• 7. NUMBER 1 Even though you want to maximize the number of leads you pass on to sales, remember that MERELY HANDING salespeople don‘t want to devote resources to prospects with a low closing probability. Together with the sales manager, establish a goal for the number and share of actual, eventual customers OFF LEADS TO who come from marketing‘s leads. SALES MANAGE THE LEAD PIPELINE Don‘t assume that your work is done the minute you give a lead‘s contact information to sales. Stay involved with sales during the rest of the process—from the salesperson‘s first contacts with the lead to the prospective buyer‘s evaluation of the proposed deal and final decision. For example, throughout the sales cycle, provide valuable advice that helps sweeten the salesperson‘s odds of closing a sale, determining that a lead isn‘t going to buy, or winning back prospects who are waffling. In other words, manage the lead pipeline. To manage the lead pipeline with sales, remind yourself of the buyer‘s journey*: the steps a potential customer goes through before deciding to purchase—including becoming aware of discomfort caused by a problem and considering purchasing a product or service that will address the problem. The steps in the buyer‘s journey unfold in a specific sequence, with the total time ranging from an hour or less to as long as several years, depending on such variables as product complexity and cost. Of course, you and sales want to reduce leakage, or prospects lost from the lead pipeline at various points during the buyer‘s journey. When prospects leak—that is, they cut off the conversation or fail to respond to prompts—help sales discern the reasons for the leakage so you can discourage loss of other prospects. THE 10 BIGGEST MISTAKES MARKETERS MAKE PAGE 6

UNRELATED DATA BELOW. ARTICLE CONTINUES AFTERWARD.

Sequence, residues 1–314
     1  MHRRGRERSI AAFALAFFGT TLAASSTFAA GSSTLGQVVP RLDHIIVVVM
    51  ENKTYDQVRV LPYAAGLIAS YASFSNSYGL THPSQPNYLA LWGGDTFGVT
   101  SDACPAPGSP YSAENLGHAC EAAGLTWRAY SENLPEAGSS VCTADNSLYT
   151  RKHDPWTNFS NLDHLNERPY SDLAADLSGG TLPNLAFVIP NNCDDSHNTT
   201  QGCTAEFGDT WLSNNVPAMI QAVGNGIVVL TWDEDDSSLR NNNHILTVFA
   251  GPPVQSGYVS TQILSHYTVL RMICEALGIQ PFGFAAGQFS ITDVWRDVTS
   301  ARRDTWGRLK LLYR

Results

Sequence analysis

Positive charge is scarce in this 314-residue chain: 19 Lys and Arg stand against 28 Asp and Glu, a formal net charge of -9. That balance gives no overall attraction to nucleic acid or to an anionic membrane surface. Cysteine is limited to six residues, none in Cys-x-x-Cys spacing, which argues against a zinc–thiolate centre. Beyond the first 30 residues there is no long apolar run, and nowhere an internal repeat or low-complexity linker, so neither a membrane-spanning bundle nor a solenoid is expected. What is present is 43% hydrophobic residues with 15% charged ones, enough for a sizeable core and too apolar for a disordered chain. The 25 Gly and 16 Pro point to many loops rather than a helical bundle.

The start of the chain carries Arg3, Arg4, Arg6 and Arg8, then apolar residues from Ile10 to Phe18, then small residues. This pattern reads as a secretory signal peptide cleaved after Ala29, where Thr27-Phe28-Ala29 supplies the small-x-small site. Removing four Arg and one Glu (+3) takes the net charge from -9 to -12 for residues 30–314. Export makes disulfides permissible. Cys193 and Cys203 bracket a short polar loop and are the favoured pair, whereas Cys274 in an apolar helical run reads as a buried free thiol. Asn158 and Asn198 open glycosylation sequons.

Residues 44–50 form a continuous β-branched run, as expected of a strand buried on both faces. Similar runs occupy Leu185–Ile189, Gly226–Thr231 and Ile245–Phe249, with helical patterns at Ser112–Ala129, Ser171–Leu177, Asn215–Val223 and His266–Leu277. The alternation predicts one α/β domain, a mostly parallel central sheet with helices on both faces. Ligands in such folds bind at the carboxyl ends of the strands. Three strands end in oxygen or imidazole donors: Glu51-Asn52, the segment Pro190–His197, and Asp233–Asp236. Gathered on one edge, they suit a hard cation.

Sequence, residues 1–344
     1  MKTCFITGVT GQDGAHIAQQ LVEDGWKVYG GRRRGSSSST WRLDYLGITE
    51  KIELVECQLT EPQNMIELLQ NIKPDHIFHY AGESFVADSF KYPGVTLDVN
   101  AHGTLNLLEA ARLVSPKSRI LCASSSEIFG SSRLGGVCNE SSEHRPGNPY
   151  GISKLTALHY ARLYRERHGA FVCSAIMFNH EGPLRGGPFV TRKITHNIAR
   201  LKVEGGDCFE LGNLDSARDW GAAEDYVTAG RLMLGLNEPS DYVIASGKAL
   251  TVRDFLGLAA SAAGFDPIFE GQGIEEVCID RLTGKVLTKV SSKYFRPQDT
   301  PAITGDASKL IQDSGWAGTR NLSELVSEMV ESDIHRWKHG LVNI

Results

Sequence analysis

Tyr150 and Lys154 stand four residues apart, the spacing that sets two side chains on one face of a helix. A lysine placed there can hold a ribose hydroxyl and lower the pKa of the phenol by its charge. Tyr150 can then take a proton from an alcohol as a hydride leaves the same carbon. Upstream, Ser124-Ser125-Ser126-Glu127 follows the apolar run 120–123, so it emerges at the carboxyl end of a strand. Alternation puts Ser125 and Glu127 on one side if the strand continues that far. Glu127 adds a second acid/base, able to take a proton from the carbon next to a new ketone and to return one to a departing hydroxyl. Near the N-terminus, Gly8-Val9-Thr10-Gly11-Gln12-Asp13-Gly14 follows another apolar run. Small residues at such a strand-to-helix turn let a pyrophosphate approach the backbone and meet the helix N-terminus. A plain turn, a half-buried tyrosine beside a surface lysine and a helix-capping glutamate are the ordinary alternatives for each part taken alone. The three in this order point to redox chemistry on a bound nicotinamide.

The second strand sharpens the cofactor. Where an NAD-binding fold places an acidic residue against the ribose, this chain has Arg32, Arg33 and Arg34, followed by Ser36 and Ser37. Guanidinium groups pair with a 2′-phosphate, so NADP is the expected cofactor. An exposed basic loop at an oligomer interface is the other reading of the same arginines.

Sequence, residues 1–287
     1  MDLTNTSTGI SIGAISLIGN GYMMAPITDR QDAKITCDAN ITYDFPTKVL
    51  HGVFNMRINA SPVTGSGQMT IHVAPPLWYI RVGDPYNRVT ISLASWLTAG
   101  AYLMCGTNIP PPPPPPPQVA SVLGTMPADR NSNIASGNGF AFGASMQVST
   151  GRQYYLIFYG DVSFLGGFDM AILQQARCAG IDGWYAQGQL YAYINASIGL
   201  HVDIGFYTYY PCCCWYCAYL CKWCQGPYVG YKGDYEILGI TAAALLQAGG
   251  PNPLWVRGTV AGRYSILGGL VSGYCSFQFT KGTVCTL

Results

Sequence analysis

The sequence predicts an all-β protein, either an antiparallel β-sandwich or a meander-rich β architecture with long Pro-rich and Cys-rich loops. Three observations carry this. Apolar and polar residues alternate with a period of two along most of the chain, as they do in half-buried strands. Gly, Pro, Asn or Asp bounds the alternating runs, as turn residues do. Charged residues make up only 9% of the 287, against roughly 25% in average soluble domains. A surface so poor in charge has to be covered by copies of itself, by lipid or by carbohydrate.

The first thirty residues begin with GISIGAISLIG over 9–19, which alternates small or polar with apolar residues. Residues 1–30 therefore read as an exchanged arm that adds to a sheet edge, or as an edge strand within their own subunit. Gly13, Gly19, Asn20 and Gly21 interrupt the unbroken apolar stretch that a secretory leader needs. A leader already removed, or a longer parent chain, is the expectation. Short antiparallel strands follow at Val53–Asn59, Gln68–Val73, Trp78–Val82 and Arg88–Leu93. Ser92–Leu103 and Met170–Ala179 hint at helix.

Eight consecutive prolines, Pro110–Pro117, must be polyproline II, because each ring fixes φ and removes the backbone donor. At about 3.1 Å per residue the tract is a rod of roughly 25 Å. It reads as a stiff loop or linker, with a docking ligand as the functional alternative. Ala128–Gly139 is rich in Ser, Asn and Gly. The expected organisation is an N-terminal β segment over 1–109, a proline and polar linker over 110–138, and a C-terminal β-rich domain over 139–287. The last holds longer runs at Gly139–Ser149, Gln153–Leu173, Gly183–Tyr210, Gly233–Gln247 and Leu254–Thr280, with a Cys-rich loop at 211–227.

• 8. NUMBER 1 But at the same time, accelerate inevitable leakage. Why? For salespeople, the only thing worse MERELY HANDING than losing a potential customer is knowing that they‘ve invested extensive time and resources to woo someone who was never going to buy anyway. If a prospective customer is likely to leak, OFF LEADS TO salespeople want that leakage to occur as soon as possible. Based on your understanding of SALES marketplace patterns, help them identify likely leakers so they can invest their time and energy in more promising prospects. To further demonstrate your connection to the cash flowing into your company (as well as help salespeople calculate their potential income), increase sales‘ likelihood of closing deals. How? Four ways: 1. Design marketing communications for each phase of the sales cycle, from awareness through consideration to purchase. 2. Focus your marketing efforts on points in the buying process where high-potential prospects are leaving. 3. Increase the time face time sales reps have with customers. 4. Track marketing leads that close. When you give qualified, promising leads to salespeople and support them through each step in the buying process, you build a reputation as a strategic partner and a cash-flow leader. Your reward? Greater credibility and influence throughout your organization—essential ingredients for gaining the support you need to execute important marketing initiatives. THE 10 BIGGEST MISTAKES MARKETERS MAKE PAGE 7